The Plot: Our main gal Friday this time is Carter Phillips, a spoiled little rich girl who is the daughter of a Judge and has his high expectations thrust upon her. Also, her mother is one of those wealthy do gooder ladies who probably raises money for the less fortunate but her definition of ‘less fortunate’ smacks of racism. The most recent issue for Carter is that, while she is great at most academic subjects, math is just not her thing. I FEEL YA, CARTER. She has an upcoming math achievement exam (which I just assume is supposed to be the SAT or ACT in this parallel universe in which Shadyside resides), and she’s very stressed about it. If she doesn’t score 700, Princeton will surely tell her to take a hike. Given that she’s terrible at math, she’s certain that a 700 is not in the cards, and she’s terrified that she’ll disappoint her father, as she laments to her bestie Jill. While on a date at a local burger joint with her boyfriend Dan, who is honest and kind and totally devoted to her, she asks that maybe he could take the test for her? He tut tuts her for even suggesting such a thing, and in her shame she back tracks and says ‘nah, jokes!’. They part ways amicably, as Dan leaves and she remains, stressing about the upcoming test. This is when Carter is approached by Adam Messner, burger hawker, classmate, and goth/grunge weirdo. Carter doesn’t know Adam very well, but does know that 1) he’s strange, and 2) he has a girlfriend named Sheila who sounds like Courtney Love during the ‘unfortunate years’. Adam admits that he was eavesdropping, and offers to take the test for her. After all, it’s at a different school, and her name is like a boy’s name. Carter is hesitant, thinking that the proctor would ask for ID, but Adam assures her that it won’t be a problem. She asks why he’s offering, and he says that she needs his math skills, and he would like her to go on a date with him. One date. And that will be that. Even though Carter already has a boyfriend, she accepts the offer, because how could ONE SINGLE DATE possible hurt?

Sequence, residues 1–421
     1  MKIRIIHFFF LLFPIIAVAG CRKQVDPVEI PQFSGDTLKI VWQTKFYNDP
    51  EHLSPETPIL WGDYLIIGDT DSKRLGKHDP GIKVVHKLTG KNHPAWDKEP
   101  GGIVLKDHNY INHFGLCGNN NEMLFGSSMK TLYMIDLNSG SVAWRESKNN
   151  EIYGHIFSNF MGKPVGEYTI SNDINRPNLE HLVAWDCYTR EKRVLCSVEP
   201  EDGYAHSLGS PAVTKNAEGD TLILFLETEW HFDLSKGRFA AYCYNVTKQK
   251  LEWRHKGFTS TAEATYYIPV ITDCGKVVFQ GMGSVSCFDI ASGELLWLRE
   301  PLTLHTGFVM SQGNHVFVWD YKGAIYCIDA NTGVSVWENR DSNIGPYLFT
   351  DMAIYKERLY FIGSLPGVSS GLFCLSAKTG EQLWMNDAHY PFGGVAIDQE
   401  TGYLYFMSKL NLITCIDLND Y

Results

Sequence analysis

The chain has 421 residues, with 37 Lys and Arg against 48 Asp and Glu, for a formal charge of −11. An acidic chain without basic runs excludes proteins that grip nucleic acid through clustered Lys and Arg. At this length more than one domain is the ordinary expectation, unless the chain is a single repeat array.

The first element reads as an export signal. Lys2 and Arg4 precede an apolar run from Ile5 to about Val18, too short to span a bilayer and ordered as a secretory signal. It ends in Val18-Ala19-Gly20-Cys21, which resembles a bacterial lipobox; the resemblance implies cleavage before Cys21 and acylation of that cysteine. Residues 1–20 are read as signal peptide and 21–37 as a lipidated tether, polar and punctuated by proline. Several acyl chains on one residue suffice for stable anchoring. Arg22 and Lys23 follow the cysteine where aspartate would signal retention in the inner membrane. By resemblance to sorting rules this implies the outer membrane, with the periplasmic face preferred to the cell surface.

How indeed, Carter.

Adam takes the test for her, and while he maliciously tricks her at first saying that they did ask for ID (they didn’t, funny joke, Messner), he assures her that all went well and that he’s pretty sure he crushed it. In fact, he scored a 730, as the results come back, and Carter is thrilled, even if she is a little uneasy. But her father, The Judge, is so happy, he gives her a pair of diamond earrings as a congratulations, because that’s how the wealthy are. Carter and Adam go on their date that Friday, and it actually isn’t so bad. They even do a little kissing and gentle petting, as while Carter does really care about Dan, Adam is just so EXCITING and FORBIDDEN. When he drives her home, Carter, being the stuck up snoot she is at the heart of her, asks if he would please drop her off at the curb instead of up at her house. Lest someone see them together. While it’s probably prudent given that she has a boyfriend, it also smacks of elitism. He asks her what she’s doing the next day, and she says she’s going to play tennis at the country club with her BFF Jill. Adam says that he’ll meet her there, and speeds off. As if that wasn’t stupid enough, as Carter walks the rest of the way home, she is ambushed by Sheila, who jumps out of the bushes, angry that Carter was on a date with her boyfriend. Carter assures her that nothing happened (not true), and Sheila storms off.